Eastern Mennonite University professor Carolyn Stauffer has been awarded a JustPax Fund grant to support the development of a new Strategies for Trauma and Resilience (STAR) curriculum focused on sexual harms. (EMU file photos)

JustPax grant will fund the development of STAR curriculum for sexual harms

Eastern Mennonite University professor Carolyn Stauffer has been awarded a JustPax Fund grant to support the development of a new Strategies for Trauma and Resilience (STAR) curriculum focused on sexual harms.

Contributors to the “Changing the Narrative on Sexual Harms” (CTN) project include STAR trainer Katie Mansfield, program director Hannah Kelley and practitioner Joy Kreider. The project will be housed under the STAR program at EMU’s Center for Justice and Peacebuilding.

STAR has facilitated trauma and resilience trainings with thousands of participants from more than 60 countries. The CTN project and resulting curriculum will deepen the program’s work addressing sexual trauma specifically and will engage all affected parties – from individuals to institutions – in proactive, preventative and restorative approaches.

Carolyn Stauffer, an Eastern Mennonite University professor who teaches in the applied social sciences and graduate biomedicine program, speaks during a fall 2017 convocation.

“Worldwide there is a growing admission that the topic of sexual harms is quickly moving from invisible peripheries to conspicuous center stage,” Stauffer said. “The CTN project provides a viable way to be visibly present at a critical time in this important conversation. This proactive approach frames the paradigm shift opportunity offered by CTN.”

The grant includes funding for assembling focus groups in local and international settings, interviewing global practice leaders, and accessing expertise at institutions such as Victoria University in Wellington, New Zealand.

The project will collect input from survivors across diverse communities to ensure the inclusion of voices from marginalized and underrepresented communities. In addition to the harmful impacts of sexual violence on individuals, the curriculum will address how power disequilibriums can foster cultures of violence in communities and organizations.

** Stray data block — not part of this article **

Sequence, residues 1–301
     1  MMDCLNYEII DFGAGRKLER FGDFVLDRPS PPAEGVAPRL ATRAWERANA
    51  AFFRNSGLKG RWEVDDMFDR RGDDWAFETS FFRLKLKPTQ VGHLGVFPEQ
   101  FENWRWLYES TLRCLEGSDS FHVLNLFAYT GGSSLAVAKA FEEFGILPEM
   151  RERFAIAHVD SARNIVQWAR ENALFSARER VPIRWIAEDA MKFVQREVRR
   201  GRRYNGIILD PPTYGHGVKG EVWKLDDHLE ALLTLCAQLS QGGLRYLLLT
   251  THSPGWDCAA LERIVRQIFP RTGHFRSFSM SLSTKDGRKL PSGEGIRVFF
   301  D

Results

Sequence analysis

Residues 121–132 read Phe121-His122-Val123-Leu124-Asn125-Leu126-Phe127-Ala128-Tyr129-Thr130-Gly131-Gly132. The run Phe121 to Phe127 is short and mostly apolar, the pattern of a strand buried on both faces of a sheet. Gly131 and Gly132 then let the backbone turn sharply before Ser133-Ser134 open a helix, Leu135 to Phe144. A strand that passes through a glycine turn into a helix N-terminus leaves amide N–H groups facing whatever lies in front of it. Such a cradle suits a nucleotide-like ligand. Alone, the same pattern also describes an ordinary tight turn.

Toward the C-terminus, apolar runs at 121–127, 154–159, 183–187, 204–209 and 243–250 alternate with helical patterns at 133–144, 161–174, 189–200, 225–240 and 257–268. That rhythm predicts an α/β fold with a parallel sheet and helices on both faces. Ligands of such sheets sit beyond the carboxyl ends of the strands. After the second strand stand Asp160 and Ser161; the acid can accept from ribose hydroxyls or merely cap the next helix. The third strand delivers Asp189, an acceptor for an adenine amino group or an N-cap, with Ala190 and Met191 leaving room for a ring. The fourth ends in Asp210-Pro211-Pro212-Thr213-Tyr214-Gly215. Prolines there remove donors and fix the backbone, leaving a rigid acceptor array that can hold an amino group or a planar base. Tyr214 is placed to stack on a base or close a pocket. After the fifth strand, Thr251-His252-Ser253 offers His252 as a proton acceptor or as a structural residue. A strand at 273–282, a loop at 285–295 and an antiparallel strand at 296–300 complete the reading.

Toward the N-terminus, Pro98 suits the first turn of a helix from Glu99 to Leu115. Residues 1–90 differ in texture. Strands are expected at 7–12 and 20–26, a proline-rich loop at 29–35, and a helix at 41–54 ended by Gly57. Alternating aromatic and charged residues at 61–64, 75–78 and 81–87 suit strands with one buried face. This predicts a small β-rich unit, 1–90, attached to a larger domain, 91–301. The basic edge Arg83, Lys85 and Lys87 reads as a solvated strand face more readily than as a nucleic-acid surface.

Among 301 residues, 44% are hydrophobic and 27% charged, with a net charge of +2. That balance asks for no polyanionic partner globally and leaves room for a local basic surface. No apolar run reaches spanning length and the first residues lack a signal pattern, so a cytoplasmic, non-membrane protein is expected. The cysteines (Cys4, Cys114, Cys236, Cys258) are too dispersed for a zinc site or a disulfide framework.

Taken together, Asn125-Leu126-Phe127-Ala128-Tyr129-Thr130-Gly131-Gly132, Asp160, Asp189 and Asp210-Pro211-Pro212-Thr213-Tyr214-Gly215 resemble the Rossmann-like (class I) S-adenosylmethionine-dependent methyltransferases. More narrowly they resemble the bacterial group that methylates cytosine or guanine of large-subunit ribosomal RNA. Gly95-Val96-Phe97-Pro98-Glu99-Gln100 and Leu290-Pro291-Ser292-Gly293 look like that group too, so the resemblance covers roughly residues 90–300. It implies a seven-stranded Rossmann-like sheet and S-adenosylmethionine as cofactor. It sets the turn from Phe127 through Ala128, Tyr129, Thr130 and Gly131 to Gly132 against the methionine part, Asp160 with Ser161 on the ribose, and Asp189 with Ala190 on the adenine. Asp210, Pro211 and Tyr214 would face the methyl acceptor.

“Many organizations do not have processes in place to support individuals in a trauma-sensitive manner nor the impetus to push for proactive policies that prevent sexual violence in the first place,” Stauffer wrote. “Daily we hear of ‘sexual misconduct’ that gains notoriety precisely because institutions are non-compliant with current legislation and ignorant of trauma-sensitive intervention protocols. Such gaps not only compound the profound harms already done to victims, but they also put the integrity, legality and legitimacy of organizations at risk.”

The JustPax Fund focuses on individuals and organizations working for effective change through innovative approaches to societal challenges relating to gender, environmental and/or economic justice. It is administered by Everence Charitable Services through the Everence affiliate, Mennonite Foundation.

“This project is the heart of what JustPax is all about,” said Teresa Boshart Yoder, managing director for Everence in Harrisonburg. “We want to reach out to the underserved or vulnerable and begin programs that will bring about effective change.”

This $6,600 grant is the second Stauffer has received from JustPax. A 2016 grant of $10,200 supported a project called “Silent Violence,” which studied strategies of resilience among domestic violence survivors from within communities of homeless women, undocumented Latinas, and Mennonite women from Old Order or conservative church communities.

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